> strict" is not necessary for small program.
    >
    > In my case, each my perl script is less than 100 lines and would be
    > reused anywhere else. Do I still need to add "use strict" to my perl
    > program?


    "use strict;" helps to detect a lot of "typing mistakes".
    You do not need it if you never do such mistakes :)

    P.S.
    There are some "tricks" disabled by "use strict;".
    Do you use them? No => use "use strict;"

    --
    [pl>en Andrew] Andrzej Adam Filip : :
    "Rembrandt's first name was Beauregard, which is why he never used it."
    -- Dave Barry
     
    Andrzej Adam Filip, Jan 25, 2010
    #3
  4. Peng Yu

    Brad Baxter Guest

    On 1/25/2010 6:34 PM, Peng Yu wrote:
    > I was told to always use "use strict;" in another thread in this
    > newsgroup. However, I checked Programming Perl. It seems that "use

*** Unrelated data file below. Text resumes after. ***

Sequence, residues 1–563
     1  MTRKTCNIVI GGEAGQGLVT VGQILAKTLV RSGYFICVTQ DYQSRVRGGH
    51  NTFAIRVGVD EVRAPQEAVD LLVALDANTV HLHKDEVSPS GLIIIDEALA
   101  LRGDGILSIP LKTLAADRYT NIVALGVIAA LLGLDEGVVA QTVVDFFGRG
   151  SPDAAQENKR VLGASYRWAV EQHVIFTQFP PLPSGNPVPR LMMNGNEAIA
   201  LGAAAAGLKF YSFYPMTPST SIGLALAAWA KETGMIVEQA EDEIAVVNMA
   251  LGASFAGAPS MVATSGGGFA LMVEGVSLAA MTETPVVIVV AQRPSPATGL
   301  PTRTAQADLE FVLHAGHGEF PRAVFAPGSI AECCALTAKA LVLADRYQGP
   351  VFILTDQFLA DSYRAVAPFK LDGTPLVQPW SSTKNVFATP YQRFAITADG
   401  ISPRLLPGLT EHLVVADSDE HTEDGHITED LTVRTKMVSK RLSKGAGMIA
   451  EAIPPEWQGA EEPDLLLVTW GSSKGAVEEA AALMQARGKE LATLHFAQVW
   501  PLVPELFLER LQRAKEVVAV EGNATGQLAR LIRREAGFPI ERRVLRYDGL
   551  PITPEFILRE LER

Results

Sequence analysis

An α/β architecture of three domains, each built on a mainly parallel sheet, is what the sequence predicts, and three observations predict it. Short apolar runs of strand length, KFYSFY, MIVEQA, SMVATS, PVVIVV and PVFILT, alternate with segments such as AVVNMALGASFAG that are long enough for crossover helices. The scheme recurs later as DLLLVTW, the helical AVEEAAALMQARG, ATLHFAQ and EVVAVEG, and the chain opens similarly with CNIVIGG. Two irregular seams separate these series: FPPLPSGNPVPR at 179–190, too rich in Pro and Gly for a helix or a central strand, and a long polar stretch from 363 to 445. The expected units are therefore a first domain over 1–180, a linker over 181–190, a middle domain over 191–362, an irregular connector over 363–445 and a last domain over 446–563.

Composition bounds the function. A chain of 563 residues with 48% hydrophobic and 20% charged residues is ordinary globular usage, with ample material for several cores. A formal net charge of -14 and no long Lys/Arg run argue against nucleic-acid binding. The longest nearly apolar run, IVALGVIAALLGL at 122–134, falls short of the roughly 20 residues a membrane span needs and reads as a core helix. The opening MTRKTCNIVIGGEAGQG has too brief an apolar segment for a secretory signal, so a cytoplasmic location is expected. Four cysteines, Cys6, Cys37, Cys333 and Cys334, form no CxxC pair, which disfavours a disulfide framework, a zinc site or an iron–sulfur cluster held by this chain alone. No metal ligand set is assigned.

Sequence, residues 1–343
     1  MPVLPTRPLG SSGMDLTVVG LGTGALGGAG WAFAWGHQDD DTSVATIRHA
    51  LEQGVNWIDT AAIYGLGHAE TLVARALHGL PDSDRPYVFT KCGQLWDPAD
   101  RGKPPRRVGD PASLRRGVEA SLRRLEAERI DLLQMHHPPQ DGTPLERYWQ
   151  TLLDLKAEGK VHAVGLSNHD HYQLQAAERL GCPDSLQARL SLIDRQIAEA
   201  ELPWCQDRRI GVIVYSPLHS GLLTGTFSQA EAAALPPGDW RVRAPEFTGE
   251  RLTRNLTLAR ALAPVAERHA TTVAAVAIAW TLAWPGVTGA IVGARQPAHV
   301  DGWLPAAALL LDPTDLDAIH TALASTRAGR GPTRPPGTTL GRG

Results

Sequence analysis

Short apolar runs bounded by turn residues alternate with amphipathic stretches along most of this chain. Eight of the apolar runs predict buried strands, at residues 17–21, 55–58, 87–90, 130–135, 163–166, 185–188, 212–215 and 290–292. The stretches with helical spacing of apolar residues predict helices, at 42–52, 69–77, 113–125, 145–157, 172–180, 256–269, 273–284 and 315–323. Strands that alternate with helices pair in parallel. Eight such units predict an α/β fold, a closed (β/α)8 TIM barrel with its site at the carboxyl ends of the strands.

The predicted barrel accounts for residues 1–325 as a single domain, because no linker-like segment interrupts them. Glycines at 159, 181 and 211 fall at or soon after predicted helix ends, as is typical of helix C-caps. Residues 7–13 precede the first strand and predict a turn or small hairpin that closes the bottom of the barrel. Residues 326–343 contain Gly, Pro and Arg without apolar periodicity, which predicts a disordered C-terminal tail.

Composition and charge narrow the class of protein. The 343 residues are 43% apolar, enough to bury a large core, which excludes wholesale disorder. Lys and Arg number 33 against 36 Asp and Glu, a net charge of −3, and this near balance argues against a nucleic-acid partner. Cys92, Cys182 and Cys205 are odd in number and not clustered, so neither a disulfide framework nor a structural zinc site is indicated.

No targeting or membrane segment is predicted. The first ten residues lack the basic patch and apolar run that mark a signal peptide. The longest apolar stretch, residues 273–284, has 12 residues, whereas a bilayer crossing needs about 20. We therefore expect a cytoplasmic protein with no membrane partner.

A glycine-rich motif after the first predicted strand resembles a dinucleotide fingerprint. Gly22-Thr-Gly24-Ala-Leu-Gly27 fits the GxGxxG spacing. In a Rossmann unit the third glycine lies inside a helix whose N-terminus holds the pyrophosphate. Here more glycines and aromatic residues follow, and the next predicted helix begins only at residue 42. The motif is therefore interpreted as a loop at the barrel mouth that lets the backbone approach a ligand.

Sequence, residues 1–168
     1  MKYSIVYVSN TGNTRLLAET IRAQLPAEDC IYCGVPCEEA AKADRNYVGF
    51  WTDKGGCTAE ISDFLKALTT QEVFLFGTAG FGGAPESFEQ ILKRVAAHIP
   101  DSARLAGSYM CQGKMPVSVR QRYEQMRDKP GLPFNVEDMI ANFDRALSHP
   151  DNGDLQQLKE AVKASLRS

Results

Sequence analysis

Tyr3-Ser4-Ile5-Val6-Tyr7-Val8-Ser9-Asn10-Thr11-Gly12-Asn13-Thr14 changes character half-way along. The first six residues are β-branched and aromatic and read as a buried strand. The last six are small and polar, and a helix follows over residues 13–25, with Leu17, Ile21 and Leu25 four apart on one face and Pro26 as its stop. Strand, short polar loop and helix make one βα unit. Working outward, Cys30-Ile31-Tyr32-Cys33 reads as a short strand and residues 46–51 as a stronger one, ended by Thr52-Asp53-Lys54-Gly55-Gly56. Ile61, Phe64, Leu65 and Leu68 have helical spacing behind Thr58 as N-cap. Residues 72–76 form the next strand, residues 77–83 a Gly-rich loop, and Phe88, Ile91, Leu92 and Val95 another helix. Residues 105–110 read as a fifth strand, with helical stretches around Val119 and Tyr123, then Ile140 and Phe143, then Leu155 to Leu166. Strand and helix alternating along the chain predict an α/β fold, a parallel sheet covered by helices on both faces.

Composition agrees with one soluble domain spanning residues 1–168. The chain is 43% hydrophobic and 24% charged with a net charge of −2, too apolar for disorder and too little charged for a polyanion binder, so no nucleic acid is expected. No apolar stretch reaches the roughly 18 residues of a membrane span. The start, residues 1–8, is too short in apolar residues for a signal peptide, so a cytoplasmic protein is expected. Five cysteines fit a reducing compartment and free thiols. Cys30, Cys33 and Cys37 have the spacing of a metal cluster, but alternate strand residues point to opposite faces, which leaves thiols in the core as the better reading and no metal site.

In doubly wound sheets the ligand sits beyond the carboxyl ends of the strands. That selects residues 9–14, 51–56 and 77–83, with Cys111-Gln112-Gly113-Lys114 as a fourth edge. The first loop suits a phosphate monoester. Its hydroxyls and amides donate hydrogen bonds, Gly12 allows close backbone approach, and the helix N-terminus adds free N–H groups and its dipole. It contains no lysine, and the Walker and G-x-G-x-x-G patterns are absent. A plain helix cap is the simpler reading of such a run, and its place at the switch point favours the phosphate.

> strict" is not necessary for small program.
    >
    > In my case, each my perl script is less than 100 lines and would be
    > reused anywhere else. Do I still need to add "use strict" to my perl
    > program?


    It doesn't hurt. Always use strict (I do). Well, except
    for one-liners (most of the time).

    perl -Mstrict -lwe'print "Just another Perl Hacker"'

    --
    Brad
     
    Brad Baxter, Jan 26, 2010
    #4
  5. Peng Yu

    sreservoir Guest

    On 1/25/2010 6:52 PM, Andrzej Adam Filip wrote:
    > Peng Yu<> wrote:
    >> I was told to always use "use strict;" in another thread in this
    >> newsgroup. However, I checked Programming Perl. It seems that "use
    >> strict" is not necessary for small program.
    >>
    >> In my case, each my perl script is less than 100 lines and would be
    >> reused anywhere else. Do I still need to add "use strict" to my perl
    >> program?

    >
    > "use strict;" helps to detect a lot of "typing mistakes".
    > You do not need it if you never do such mistakes :)
    >
    > P.S.
    > There are some "tricks" disabled by "use strict;".